Biden not looking to make Trump's legal troubles an election issue, campaign co-chair insists
The president wants "an independent Justice Department," Cedric Richmond said.
President Joe Biden is not looking to make former President Donald Trump's legal troubles central to his 2024 pitch, the co-chair of his reelection campaign said Sunday.
"The president has said from the beginning that he wanted an independent Justice Department ... so we're not going to comment," Cedric Richmond said in an interview with ABC "This Week" co-anchor Martha Raddatz. "We're not going to focus on Donald Trump's legal problems."
Rather than Trump's charges -- including two state and two federal cases, all of which Trump denies -- Richmond said Biden will focus on what he and his team view as his legislative accomplishments and attacking the Republican field on policy issues, including abortion, Social Security and Medicare.
"We will let the justice system take care of what the justice system should take care of," Richmond said.
On Thursday night, as Trump's motorcade was arriving at the Fulton County, Georgia, jail for his surrender on charges related to the push to overturn his 2020 election loss in the state, Biden blasted out a fundraising pitch online.
"Apropos of nothing, I think today's a great day to give to my campaign," Biden wrote in his appeal for money sent out in an email to supporters and on X, the social media platform formerly known as Twitter.
Pressed by Raddatz about the timing, Richmond maintained, "I wouldn't read much into that." Biden told reporters on Friday only that he had seen Trump's unprecedented mug shot. "Handsome guy. Wonderful guy," he said.
Trump himself has looked to capitalize on his fourth indictment, selling T-shirts, mugs and bumper stickers with his mug shot emblazoned on them.
Trump campaign spokesperson Steven Cheung told ABC News that Trump received $4.18 million on Friday, the day after his booking in Atlanta, making it the campaign's best fundraising day of the 2024 race.
The Biden campaign and the White House have long sought to distance themselves from Trump's mounting criminal charges. Trump has claimed the cases against him are politically motivated, which prosecutors reject.
Richmond, on Sunday, echoed Biden's argument that the entire Republican field is too closely tied to Trump's "extreme" policies and that whoever the party's 2024 nominee is, they will campaign in Trump's image.
"I think what we saw that night was a race to the extreme part of the Republican Party, a race to the MAGA base," Richmond told Raddatz, reacting to last week's GOP primary debate. "And that's what we expected."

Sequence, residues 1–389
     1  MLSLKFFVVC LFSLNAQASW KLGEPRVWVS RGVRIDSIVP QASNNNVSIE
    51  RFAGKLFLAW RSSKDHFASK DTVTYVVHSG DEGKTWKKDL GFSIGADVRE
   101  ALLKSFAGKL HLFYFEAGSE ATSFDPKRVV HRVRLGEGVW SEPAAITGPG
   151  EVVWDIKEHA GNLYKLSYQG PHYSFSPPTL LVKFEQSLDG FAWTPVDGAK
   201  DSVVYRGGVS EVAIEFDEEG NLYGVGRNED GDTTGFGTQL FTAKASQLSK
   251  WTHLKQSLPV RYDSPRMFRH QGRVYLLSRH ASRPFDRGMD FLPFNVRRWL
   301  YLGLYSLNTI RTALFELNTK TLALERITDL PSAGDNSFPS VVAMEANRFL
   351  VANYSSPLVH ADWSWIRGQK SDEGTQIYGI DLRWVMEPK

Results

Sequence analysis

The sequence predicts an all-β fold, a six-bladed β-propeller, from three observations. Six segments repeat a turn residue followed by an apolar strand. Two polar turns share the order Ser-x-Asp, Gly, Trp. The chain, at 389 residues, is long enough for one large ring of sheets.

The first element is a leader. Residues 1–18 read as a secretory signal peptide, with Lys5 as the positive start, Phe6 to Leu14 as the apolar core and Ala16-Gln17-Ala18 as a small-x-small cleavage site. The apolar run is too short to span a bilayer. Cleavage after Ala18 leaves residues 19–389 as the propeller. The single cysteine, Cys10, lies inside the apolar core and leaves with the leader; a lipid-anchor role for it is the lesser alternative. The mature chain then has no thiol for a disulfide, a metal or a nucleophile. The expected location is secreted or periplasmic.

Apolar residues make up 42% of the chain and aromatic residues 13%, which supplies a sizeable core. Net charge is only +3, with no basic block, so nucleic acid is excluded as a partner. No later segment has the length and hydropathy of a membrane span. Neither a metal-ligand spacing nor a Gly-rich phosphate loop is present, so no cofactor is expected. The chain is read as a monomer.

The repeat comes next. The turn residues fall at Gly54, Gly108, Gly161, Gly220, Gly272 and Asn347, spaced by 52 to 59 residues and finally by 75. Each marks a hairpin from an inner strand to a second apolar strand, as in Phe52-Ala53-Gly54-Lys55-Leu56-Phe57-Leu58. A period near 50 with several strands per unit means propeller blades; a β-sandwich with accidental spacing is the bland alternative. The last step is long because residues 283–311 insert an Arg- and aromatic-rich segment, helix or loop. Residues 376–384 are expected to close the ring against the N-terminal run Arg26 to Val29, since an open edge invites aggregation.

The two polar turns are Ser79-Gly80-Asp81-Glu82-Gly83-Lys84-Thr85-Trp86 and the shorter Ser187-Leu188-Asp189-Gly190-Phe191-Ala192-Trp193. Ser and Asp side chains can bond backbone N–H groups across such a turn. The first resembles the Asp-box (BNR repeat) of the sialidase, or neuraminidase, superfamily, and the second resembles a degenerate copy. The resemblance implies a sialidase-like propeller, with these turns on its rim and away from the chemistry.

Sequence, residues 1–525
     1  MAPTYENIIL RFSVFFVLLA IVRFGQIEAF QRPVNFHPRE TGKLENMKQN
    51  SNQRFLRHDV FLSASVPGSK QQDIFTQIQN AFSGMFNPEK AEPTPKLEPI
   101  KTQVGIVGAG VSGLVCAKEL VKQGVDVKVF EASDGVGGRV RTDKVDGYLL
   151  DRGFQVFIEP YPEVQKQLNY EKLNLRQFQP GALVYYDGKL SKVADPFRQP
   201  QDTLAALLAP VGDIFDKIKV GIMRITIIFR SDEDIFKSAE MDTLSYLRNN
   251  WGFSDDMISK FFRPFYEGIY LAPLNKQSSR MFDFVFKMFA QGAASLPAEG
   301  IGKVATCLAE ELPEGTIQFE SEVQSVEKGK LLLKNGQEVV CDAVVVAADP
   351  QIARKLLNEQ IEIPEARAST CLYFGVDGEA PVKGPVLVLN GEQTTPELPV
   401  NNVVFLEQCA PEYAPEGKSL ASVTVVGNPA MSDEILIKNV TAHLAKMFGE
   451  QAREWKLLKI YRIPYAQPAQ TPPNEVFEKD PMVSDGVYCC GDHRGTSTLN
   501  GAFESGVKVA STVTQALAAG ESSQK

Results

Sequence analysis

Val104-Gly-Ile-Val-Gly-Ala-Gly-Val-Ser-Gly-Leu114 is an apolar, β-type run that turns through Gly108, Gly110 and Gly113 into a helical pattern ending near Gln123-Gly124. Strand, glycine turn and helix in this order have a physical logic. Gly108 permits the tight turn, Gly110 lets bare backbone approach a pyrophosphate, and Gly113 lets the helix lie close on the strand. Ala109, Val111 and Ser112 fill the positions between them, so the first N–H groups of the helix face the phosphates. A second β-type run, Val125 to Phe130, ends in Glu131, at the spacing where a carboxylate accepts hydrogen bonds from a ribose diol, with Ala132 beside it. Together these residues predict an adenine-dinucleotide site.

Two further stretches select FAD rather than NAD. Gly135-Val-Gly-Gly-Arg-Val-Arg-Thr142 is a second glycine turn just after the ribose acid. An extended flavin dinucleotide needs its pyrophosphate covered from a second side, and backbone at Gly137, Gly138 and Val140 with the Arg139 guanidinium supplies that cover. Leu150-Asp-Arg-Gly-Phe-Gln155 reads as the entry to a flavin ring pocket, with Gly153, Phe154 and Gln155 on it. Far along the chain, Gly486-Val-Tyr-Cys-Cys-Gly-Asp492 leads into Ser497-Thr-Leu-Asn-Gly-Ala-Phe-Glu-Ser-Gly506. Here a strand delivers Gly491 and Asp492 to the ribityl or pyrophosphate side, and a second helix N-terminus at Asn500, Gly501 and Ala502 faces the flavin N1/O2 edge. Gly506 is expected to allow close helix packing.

Richmond said the debate had no impact on the Biden campaign's strategy which, so far, has been to lean into the president's economic agenda under the "Bidenomics" label, built around low unemployment and increasing domestic investments.
Many voters, however, have said in polls that they don't approve of Biden's handling of the economy. Republicans have seized on the label as an example of policies that they contend hurt consumers, including by driving up inflation.
Richmond pushed back on "This Week," pointing to high consumer confidence and job satisfaction among the American people, despite signs of pessimism elsewhere.
Pressed on what the president's team needed to do to message the benefits they routinely trumpet, Richmond said, "We have to keep telling them about what we're doing."
"What we're gonna do is continue to do what we've been doing and that is to talk to people about the fact that we're creating jobs, bringing costs down, bringing manufacturing back to the United States from overseas," Richmond said. "And that's what campaigns are for. For us to go out and tell the story of us meeting challenges, what we've accomplished, the challenges we still have to meet and all of those things."
At Wednesday's Republican primary debate, in Milwaukee, candidates took aim at Biden's economic record.
"We need to send Joe Biden back to his basement and reverse American decline and it starts with understanding we must reverse Bidenomics," Florida Gov. Ron DeSantis said.
Another thing some of the GOP hopefuls are trying to hit Biden on is his age. At 80, he is America's oldest president.
Former U.N. Ambassador Nikki Haley has called for mental competency tests for candidates over 75 years old -- an apparent swipe at Republican front-runner Trump as well, as he is 76. Haley has also suggested Biden won't live long enough to finish a second term.
Former Vice President Mike Pence said on the debate stage that he was seeking the White House "because we don't need a president who's too old, and we don't need a president who's too young."
Though Biden has acknowledged his age is a factor that the public is considering, his campaign won't engage on it and Biden himself has said his record is proof of his stamina.
"While they talk about age, we will talk about the things that Americans are talking about, and that's kitchen table issues," Richmond said Sunday.
"We're going to focus on the issues at hand and we'll talk about the fact that this president wants to protect women's reproductive freedom, we will talk about the fact that he put Ketanji Brown Jackson on the Supreme Court and that labor, climate groups and women's organizations are all -- have endorsed him already," Richmond said.
ABC News' Soo Rin Kim and Lalee Ibssa contributed to this report.